Saturday, March 31, 2018
Another week, another Delaware Chancery decision in which a powerful, visionary minority blockholder is deemed to have “control” over a corporate board’s decision to acquire a company in which he has an interest.
In In re Oracle Corporation Derivative Litigation, which I blogged about last week, Larry Ellison’s control was enough to show that demand was excused for the purpose of a derivative lawsuit, while the court avoided the question whether Ellison should be formally deemed a controlling stockholder.
In In re Tesla Motors Stockholder Litigation, however, the question could not be avoided. That’s because – unlike in Oracle – the remaining stockholders voted in favor of the acquisition, which led the defendants to argue that the entire deal had been cleansed under Corwin v. KKR Financial Holdings LLC. Since Corwin does not apply to controlling stockholder transactions, Elon Musk’s status became critical.
Briefly, Elon Musk is the Chair, CEO, largest stockholder (22% at the time of the acquisition), and dominant face of Tesla. He was also one of the founders of SolarCity, along with his cousins. When SolarCity neared bankruptcy, Tesla acquired SolarCity at a significant premium to its market price. Though Musk formally recused himself from the Tesla board’s vote, he badgered the board into considering the acquisition (proposing it on three separate occasions within three months), hired the board’s financial and legal advisors, and ran the deal process. Meanwhile, the board voted to approve the deal without forming a special committee. (Sidebar: If the documents are made available under Wal-Mart Stores, Inc. v. Indiana Electrical Workers Pension Trust Fund IBEW, I cannot wait to find out what Wachtell – the board’s deal advisor – had to say about that.) Tesla shareholders sued, alleging that the transaction was a bailout of Musk’s company, paid for with Tesla’s assets.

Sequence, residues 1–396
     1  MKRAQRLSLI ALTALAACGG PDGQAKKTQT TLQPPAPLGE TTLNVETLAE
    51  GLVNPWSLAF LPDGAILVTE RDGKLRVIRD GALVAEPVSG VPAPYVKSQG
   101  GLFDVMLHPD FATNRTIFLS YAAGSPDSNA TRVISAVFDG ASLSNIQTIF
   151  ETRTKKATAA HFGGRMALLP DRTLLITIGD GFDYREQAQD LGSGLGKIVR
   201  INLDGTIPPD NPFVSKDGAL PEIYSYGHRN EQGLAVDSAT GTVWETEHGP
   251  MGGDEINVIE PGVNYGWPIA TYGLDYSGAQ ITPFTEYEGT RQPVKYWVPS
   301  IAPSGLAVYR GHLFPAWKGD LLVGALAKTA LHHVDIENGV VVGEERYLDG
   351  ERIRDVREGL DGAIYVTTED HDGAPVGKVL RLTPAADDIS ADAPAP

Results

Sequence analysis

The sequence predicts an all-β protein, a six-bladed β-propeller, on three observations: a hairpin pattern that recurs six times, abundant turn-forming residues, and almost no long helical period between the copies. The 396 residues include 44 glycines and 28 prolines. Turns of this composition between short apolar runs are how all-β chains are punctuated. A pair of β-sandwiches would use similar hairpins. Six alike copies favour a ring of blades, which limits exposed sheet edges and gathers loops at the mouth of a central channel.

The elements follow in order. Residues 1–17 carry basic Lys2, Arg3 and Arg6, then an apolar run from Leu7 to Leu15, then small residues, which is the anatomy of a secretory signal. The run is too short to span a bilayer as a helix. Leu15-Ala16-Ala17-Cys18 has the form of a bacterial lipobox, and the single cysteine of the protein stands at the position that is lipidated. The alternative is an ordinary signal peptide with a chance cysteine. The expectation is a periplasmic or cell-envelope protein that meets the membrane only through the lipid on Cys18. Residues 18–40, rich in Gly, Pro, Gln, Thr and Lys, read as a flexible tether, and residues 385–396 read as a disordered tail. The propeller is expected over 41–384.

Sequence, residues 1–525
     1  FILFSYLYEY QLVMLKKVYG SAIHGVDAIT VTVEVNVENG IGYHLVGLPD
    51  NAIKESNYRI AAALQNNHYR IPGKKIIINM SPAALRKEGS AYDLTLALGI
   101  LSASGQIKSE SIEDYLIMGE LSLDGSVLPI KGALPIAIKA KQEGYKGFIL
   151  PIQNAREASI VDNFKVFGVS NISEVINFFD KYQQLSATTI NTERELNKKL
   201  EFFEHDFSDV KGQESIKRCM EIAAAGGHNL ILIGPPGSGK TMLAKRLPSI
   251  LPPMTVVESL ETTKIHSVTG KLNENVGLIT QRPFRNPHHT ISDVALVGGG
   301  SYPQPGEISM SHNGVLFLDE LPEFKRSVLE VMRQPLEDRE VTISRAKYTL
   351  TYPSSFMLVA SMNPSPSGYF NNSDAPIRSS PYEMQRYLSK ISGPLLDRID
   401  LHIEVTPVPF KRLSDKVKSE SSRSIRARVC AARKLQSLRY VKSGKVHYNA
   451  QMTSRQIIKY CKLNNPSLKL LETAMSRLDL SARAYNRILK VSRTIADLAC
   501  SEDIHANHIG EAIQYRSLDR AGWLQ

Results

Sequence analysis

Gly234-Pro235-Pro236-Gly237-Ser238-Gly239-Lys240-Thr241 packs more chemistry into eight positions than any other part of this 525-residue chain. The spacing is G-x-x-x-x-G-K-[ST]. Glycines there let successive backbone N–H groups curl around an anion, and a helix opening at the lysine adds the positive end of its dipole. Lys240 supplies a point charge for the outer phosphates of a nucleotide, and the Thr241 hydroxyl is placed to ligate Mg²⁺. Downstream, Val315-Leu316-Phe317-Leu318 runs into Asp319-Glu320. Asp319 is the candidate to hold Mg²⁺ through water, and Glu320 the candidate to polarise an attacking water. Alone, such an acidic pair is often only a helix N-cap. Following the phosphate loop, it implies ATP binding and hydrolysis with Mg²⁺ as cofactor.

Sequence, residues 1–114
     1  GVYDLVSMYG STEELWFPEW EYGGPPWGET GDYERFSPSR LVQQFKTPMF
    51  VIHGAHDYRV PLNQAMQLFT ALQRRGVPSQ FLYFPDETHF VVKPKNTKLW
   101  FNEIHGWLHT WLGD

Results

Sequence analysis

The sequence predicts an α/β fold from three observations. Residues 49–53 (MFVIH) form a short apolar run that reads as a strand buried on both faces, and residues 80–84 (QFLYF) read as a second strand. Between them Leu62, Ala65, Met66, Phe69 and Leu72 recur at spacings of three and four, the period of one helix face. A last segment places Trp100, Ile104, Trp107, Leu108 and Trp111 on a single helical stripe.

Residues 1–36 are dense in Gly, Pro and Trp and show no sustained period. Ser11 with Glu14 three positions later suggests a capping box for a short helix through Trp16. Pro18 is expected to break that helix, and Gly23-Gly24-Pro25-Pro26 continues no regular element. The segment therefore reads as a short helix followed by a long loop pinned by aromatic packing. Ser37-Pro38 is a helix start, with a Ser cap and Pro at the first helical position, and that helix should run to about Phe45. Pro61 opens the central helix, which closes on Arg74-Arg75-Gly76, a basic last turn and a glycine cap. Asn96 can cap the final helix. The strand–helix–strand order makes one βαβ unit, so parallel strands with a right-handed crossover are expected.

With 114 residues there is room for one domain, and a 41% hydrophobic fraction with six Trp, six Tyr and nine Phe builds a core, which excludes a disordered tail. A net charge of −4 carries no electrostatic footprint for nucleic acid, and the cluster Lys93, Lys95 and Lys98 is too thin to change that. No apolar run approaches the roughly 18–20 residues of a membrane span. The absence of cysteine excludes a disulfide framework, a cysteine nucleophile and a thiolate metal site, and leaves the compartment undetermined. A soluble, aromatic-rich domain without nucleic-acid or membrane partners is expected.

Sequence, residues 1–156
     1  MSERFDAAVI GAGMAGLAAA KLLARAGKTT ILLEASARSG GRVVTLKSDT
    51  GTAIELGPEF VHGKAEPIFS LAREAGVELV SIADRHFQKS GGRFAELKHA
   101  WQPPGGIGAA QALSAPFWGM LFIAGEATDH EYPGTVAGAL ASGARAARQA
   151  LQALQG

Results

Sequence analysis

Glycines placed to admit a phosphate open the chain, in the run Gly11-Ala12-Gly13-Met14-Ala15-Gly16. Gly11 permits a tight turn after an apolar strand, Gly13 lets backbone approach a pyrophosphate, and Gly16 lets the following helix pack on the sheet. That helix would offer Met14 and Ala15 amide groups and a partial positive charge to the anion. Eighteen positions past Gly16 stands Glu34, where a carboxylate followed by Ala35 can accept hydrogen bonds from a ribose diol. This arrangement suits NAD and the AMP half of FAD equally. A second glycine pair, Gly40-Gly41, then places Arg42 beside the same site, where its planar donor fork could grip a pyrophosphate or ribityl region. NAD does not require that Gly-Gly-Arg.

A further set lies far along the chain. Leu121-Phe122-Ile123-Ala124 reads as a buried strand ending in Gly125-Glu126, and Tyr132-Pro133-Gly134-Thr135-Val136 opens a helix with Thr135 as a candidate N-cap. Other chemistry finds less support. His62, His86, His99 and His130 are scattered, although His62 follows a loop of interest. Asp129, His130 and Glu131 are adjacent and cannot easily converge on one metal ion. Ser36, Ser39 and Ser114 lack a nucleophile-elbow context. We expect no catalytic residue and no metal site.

The court, per VC Slights, concluded that, at least for pleading purposes, plaintiffs had alleged that Musk was a controlling shareholder. Slights rested his decision on Musk’s status as a visionary CEO, his substantial stockholdings, his close business and personal ties to Tesla board members who earned multi-million dollar salaries for their service, his domination of the process which led to the acquisition, the board members’ own ties to SolarCity, and SolarCity’s precarious financial position.
Slights recognized the awkwardness of his holding when compared with the Delaware Supreme Court’s recent conclusion in Dell, Inc. v. Magnetar Global Event Driven Master Fund Ltd that Michael Dell was not a controlling stockholder of the company that bore his name. Nonetheless, he justified his conclusion on the ground that the buyout in Dell involved several procedural protections (including the use of an independent special committee and Michael Dell’s pledge to cooperate with any buyer) that the Tesla board’s decision lacked.
But that reasoning collapses two separate ideas: whether someone has controlling shareholder status, which requires them to utilize heightened procedural protections to win business judgment deference, and whether a controlling stockholder has, in fact, employed such protections.
What both Tesla and Oracle really illustrate, then, is the inadequacy of pinning the level of judicial scrutiny to a bright line distinction between controlling and noncontrolling stockholder status in the first place. Yes, Musk was a large stockholder, but his stockholdings were the least important mechanism by which he dominated the board (and potentially influenced voting stockholders as well). We can call this yet more Corwin fall out: by heightening the significance of the stockholder vote only for transactions that fall into a specific category, the Delaware Supreme Court wound up placing pressure on the boundaries of that category.
What also stands out about the Tesla opinion – as with Oracle before it – is Delaware’s continued willingness to cast a gimlet eye on the webs of social and business relationships (especially with venture capital firms) that often tie boards together, particularly in tech companies. This is a point that Chief Justice Strine has been pushing, most recently at Tulane’s Corporate Law Institute, and what we are apparently seeing is that such relationships may not only evince a lack of independence, but may even count toward controlling shareholder status, as courts try to grapple with Corwin’s constraints.